Monday, 16 May 2022

Rower, 71: You saved my life

ROWER, 71: You saved my life

A VETERAN rower has thanked his colleagues for saving his life after he suffered a near-fatal heart attack on the water.

Bill Evans only survived thanks to the swift intervention of his crewmates and the club’s automatic defibrillator.

The 71-year-old, of Western Road, Henley, was in the bow seat of an Upper Thames Rowing Club men’s eight when he suddenly collapsed near the end of an hour-long training session on the Thames.

The rest of the crew noticed immediately that the boat had slowed down so they raced the final 500m back to the clubhouse off Remenham Lane as quickly as possible.

When they arrived club captain Justin Sutherland was waiting on the bank.

Mr Evans was not breathing and had turned pale so Mr Sutherland leapt into the boat and performed cardiopulmonary resuscitation to keep oxygen flowing to his brain.

After calling 999, the rest of the crew, led by Mike Dudley, hauled Mr Evans on to the bank and took turns at giving CPR until he started to breathe intermittently.

He suffered eight cracked ribs in the process.

First aid trainer Flora Schnider, who had been giving a training session on CPR and defibrillator use at the club, then stepped in and used the club’s device, which was installed last year.

She continued giving compressions with help from club member Daniel Sadler, a former headteacher of Chiltern Edge School in Sonning Common, until an ambulance arrived to take Mr Evans to hospital. Ms Schnider, from Brighton, said: “The immediate reaction of the crew was exemplary.

“We had a quick debrief afterwards to check that everyone was okay and I told them they had probably saved Bill’s life, although even after the ambulance had left I had my doubts.

“His recovery is a minor miracle as only about five percent of people survive in these circumstances.

“The absolute priority is to keep the brain supplied with oxygen by performing chest compressions until help arrives and that is exactly what they did.”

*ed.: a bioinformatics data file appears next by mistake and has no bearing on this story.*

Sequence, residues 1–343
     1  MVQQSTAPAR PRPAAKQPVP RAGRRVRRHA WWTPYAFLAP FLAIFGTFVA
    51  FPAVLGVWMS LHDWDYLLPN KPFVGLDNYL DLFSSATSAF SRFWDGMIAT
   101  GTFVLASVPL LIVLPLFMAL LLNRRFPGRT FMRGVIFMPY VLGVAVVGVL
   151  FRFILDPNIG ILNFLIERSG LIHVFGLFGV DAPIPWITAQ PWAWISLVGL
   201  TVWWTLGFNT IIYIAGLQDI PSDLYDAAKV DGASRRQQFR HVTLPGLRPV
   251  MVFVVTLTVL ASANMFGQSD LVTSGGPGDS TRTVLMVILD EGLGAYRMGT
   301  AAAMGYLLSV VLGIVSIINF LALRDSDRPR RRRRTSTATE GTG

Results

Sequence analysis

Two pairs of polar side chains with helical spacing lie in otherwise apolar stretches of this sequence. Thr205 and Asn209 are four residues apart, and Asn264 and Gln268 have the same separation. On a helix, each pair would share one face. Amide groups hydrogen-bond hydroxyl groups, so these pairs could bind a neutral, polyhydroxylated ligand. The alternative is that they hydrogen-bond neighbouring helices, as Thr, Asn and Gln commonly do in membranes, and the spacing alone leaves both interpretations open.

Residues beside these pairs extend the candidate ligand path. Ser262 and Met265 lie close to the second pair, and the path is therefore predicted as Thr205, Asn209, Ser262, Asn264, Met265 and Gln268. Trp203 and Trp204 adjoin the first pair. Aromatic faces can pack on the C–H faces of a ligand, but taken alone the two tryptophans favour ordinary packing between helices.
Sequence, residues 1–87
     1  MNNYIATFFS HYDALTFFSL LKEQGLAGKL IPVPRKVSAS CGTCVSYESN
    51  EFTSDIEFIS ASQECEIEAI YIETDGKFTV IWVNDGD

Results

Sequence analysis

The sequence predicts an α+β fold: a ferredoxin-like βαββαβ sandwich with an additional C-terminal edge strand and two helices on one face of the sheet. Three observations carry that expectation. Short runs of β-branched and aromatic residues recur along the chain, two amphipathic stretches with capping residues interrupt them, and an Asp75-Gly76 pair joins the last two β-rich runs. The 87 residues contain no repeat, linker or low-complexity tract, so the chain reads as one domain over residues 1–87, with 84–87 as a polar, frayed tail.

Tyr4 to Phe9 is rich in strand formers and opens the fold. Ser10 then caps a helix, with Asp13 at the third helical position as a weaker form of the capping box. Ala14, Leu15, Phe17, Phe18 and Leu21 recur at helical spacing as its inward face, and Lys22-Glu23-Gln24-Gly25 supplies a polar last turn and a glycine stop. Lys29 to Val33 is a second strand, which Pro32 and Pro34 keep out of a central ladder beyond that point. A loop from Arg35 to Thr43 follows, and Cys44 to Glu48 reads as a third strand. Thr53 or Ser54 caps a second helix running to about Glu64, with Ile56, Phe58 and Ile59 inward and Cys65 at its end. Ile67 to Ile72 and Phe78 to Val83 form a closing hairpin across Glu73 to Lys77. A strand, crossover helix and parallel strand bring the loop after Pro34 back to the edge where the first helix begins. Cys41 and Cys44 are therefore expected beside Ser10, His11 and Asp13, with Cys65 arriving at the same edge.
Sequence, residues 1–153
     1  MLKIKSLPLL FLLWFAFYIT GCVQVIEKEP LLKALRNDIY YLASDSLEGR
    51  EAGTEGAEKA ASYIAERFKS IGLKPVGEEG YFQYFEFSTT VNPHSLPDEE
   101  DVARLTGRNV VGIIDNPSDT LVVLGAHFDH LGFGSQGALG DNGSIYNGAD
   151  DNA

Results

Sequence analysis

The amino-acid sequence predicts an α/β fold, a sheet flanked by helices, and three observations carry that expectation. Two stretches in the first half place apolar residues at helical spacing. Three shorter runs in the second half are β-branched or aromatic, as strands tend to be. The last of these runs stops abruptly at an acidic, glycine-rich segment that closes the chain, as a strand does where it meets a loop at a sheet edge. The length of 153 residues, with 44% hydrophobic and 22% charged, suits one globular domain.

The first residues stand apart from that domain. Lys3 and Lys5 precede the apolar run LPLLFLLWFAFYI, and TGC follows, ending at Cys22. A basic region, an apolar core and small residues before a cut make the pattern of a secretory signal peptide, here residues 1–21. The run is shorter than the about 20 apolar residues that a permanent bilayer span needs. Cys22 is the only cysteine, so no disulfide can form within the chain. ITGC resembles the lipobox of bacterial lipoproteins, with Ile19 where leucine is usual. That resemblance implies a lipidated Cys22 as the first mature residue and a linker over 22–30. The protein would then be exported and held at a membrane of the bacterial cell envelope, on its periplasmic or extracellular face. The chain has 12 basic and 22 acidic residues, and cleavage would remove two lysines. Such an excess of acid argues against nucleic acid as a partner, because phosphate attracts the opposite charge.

Mr Evans was taken to the Royal Berkshire Hospital in Reading, where surgeons found a blockage in a blood vessel supplying his heart which they fixed by installing a stent, a type a mesh tube that holds it open.

The operation only took 22 minutes as they were able to push the stent through a vessel in his arm rather than opening his chest but he had to be sedated for 48 hours afterwards.

He then spent eight weeks in rehabilitation where he had to undergo exercises to rebuild strength in his heart and in his leg muscles, which had stopped working because of oxygen deprivation.

Now he walks around the Henley area with his wife Marion every morning and rests in the afternoons.

Mrs Evans said: “I spent some time with the paramedics that morning and they left me in no doubt that the swift and effective actions of the people around Bill saved his life.

“He was lucky to be in an eight with seven strong men to help him.

“He’d been out in a single scull the day before and they said it would have been a different story if it happened then. Even a four would have proven difficult so in a way it was the best possible time.

“I’m also grateful for the excellent care he received at the hospital.

“Bill led a very active lifestyle so they said it came down to family history. It was always going to happen and would have been years earlier if he hadn’t taken such good care of himself.

“It came on without any warning — he was coughing a bit in the minute or two beforehand and then he just collapsed.”

Although Mr Evans has not yet fully recovered, he can exercise on the club’s static bikes for up to 15 minutes once or twice a week.

His wife said: “He can do some cycling on the exercise bike but his main rehabilitation is just walking.

“We managed one-and-a-half hours the other day, although his balance still needs to improve as he was knocked over by an over enthusiastic Labrador puppy.